Notice in writ of possession cases

Notice in writ of possession cases

11:39 AM, 30th August 2017, About 6 years ago

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There has been an appeal going through the courts regarding the notice requirements to residential tenants when landlords apply for a writ of possession to evict.

CPR 83.13 – sufficient notice

The appeal – Partridge v Gupta – centred around the definition of “sufficient” with regards to notice in CPR 83.13. This states that, where permission is required to issue a High Court writ of possession:

“Every person in actual possession of the whole or any part of the land (‘the occupant’) has received such notice of the proceedings as appears to the court sufficient to enable the occupant to apply to the court for any relief to which the occupant may be entitled”

Partridge v Gupta

Permission to transfer under section 42 of the County Courts Act 1984 was required in this case (it is not normally required for writs of possession against trespassers or mortgage repossessions). Mr. Partridge had received notice of the possession order, the transfer to the High Court and the intention to apply for a writ.

Notice of the application to transfer up and apply for the writ was sent by the instructed High Court Enforcement Officer (HCEO) to both “the occupiers” and to Mr. Partridge and 1 other. This notice also invited him to contact them with any questions regarding the “impending eviction”.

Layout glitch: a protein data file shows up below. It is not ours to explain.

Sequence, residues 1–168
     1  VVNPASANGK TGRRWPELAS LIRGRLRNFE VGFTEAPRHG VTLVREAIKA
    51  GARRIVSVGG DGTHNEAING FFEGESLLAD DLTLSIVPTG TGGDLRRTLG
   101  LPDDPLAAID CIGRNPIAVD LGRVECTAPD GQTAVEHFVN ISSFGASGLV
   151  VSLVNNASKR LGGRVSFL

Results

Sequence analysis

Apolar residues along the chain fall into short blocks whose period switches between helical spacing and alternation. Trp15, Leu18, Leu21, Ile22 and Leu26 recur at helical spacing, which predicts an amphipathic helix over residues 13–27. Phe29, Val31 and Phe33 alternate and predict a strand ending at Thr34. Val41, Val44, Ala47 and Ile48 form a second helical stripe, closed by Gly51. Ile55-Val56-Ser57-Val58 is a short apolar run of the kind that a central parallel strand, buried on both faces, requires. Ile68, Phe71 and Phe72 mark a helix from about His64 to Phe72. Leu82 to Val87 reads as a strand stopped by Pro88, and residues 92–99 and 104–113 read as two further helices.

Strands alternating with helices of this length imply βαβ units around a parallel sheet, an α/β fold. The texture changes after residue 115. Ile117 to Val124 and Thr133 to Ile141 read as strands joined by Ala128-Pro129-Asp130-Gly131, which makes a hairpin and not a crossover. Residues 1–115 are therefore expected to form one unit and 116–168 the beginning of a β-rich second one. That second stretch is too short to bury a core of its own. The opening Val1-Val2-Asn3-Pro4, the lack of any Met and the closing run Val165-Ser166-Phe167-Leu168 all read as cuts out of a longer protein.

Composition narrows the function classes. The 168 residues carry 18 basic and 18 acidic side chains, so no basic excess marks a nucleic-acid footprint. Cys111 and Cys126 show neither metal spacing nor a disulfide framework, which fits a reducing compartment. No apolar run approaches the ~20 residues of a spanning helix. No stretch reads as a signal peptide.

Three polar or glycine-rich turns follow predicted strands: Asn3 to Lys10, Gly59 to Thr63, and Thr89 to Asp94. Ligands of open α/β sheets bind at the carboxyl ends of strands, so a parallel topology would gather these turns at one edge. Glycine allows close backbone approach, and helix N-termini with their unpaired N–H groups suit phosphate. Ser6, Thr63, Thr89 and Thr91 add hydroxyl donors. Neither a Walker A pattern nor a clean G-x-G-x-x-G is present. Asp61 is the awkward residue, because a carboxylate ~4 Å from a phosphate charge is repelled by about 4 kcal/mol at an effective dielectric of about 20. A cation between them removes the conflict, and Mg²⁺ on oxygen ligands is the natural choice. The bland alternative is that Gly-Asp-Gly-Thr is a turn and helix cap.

Mr. Partridge’s appeal was based on an earlier decision, Secretary of State for Defence v Nicholas (2015) which held that “notice of the proceedings” meant that an occupier was entitled to notice of the application for permission to issue the writ.

The decision to dismiss

The Master dismissed his application, so he appealed to a High Court Judge, who also dismissed the appeal, because the rule does not require a specific form of notice, only that the occupier was informed enough to be able to apply for relief.

He ruled that Mr. Partridge was aware of proceedings and the intention to apply to transfer the order and apply for a writ, particularly with the inclusion of the words “pending eviction” in the notice. He said that Nicholas was a decision on its own facts.

Our policy

If we have not been asked to do so, we will ensure that the client has served the defendant and all occupants of the property with the following once permission to transfer has been granted:

Copy of the Form 244, the application of permission to issue the writ
Provide a copy of the possession order
Provide a copy of the order under s.42 granting leave to transfer
We then obtain or complete a form N215 declaration of service or witness statement.

Our next step is to apply for the writ of possession, following the laid-out procedure. Once we receive the writ, we send notice of possession to the defendant, giving at least 7 clear days’ notice.

We believe that this dual approach not only provides the defendant with time to apply for relief, but also to prepare for the eviction.

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